5. We have had extra life experiences which can be useful in a job. From volunteering, to generally dealing with illness (brilliant for HR!) we have all gained skills. 
I'm not saying put everyone in a job, some people are far too poorly to work but the issue here is the opportunities available. On 'Unemployable Me', all the participants were capable of doing at least part-time work but no-one would take them on and they were all fantastic people. People like myself, who are far too ill to hold down a proper job but would like in the future to work a few hours a week, just would like to see more disabled people excelling and suitable contracts becoming available.

Here's to hoping some more companies will jump on board and a massive thank you to those who support us as a community already.

Kate x



Monday, 15 January 2018

The start of (Not Another) Blue Monday

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Ever since New Year, my mind has been running away with me. The more I tried to 'rest', the more ideas seemed to be brewing inside. I find it hard to switch off, but when I have ideas, I also find it very hard not to get excited or follow them through. This, was one of my ideas and I've spent the last few weeks teaching myself how I'm going to adapt it to my energy limitations.

(Not Another) Blue Monday

Blue Monday falls on the 3rd Monday of January and is known as officially being the most 'depressing day of the year'. Well, there's not a better day than today to start my idea for my blog.

Over Christmas I spent a lot of time, like lots of others, scrolling through social media platforms. And quite frankly, I didn't like reading most of it. Facebook was plastered with comments about how the local youths are now ruining the town. And from one comment, comes a snowball of negativity. Blaming parents, blaming organisations, even blaming buildings (yep). This is just one example. I've seen negative posts on all social media platforms about a whole range of subjects. All age ranges, sexes, ethnicities, disabilities - the lot.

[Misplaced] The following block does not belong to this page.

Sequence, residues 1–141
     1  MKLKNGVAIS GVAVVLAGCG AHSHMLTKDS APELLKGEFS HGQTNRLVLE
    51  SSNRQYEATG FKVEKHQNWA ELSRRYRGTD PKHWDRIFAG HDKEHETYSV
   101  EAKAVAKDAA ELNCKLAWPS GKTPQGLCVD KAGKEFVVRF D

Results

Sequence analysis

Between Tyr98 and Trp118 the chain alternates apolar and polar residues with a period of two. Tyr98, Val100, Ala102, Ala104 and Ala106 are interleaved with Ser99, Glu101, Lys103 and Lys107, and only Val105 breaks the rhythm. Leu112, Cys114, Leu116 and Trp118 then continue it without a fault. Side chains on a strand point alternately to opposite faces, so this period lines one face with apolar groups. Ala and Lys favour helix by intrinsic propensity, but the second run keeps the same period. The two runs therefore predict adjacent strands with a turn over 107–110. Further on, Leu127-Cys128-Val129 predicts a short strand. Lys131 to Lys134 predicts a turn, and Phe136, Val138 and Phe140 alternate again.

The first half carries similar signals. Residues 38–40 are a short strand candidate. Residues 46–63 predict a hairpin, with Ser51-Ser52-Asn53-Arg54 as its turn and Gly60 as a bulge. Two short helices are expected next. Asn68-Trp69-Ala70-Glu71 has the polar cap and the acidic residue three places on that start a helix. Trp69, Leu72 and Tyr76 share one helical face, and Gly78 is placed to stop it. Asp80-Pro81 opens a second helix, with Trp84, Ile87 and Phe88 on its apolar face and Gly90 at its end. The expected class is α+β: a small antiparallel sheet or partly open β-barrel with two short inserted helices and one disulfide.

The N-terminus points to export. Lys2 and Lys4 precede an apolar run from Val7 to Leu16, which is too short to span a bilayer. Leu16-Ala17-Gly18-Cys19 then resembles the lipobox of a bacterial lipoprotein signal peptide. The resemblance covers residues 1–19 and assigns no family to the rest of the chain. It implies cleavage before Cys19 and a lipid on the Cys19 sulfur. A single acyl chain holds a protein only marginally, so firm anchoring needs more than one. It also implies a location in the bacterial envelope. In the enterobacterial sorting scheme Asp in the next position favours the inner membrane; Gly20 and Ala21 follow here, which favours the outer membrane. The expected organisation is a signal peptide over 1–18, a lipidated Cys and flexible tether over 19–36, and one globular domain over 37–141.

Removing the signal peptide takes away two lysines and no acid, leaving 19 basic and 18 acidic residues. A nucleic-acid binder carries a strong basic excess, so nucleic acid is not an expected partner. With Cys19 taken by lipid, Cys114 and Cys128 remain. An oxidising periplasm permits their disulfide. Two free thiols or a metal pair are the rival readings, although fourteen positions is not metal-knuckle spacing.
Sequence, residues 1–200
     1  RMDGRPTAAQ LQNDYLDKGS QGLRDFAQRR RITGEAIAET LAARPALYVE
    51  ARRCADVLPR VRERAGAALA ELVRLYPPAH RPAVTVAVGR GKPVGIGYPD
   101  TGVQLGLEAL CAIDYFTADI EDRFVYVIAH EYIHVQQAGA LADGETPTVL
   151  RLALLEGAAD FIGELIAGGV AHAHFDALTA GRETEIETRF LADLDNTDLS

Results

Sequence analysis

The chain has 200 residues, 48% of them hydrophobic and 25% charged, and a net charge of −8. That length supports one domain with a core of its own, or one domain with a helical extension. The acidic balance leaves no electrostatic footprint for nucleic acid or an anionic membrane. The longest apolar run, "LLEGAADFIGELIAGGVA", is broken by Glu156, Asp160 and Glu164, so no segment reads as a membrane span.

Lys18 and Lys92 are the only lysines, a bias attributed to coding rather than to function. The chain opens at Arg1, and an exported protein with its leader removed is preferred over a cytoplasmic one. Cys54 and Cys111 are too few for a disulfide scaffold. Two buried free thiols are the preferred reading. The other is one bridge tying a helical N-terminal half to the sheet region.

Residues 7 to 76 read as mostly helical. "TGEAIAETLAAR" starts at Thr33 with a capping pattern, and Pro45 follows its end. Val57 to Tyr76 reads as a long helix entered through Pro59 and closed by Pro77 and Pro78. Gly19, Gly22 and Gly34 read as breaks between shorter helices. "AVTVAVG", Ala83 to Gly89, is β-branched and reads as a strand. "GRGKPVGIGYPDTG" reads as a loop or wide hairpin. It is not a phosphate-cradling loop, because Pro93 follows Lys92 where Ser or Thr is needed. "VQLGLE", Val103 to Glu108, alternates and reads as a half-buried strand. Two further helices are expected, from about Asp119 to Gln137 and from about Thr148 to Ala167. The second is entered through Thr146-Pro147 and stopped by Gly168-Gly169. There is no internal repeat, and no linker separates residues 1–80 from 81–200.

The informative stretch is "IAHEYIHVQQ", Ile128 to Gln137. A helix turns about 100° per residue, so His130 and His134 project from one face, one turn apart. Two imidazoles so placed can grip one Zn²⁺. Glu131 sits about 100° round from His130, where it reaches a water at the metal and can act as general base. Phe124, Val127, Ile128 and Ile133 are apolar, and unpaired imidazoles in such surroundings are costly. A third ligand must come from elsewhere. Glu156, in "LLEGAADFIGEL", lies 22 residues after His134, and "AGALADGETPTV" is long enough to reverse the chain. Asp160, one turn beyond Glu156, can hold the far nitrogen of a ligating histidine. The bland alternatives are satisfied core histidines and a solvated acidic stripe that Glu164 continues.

I'm not a one-man-band who's going to change any of that. But using this blog, I do want to shine a light on some good people who are doing things, which often are going unrecognised, in the community. Too often we jump on a keyboard to complain (and I am guilty for this) but we should also be praising those who are making a difference. 

Monday's are usually quite 'blue' anyways; usually as it's the start of the week and you have that  typical Monday feeling. Which is why, my  posts will be up on a Monday, to brighten Monday up (hopefully!). I can't promise they will be every Monday, they may only be once a month, but I have some amazing people ready to interview who are doing incredible things.

So, if you'd like to follow the interviews which I'll be doing, click 'subscribe' or check on my website on Mondays and click (Not Another) Blue Monday. If you're doing something good in the community and would like to be interviewed, do get in touch, my details are on my 'contact me' section. I'm not looking for people who have raise thousands of pounds, or have given huge gifts. I believe that the world can be changed one small act of kindness at a time.

Kate x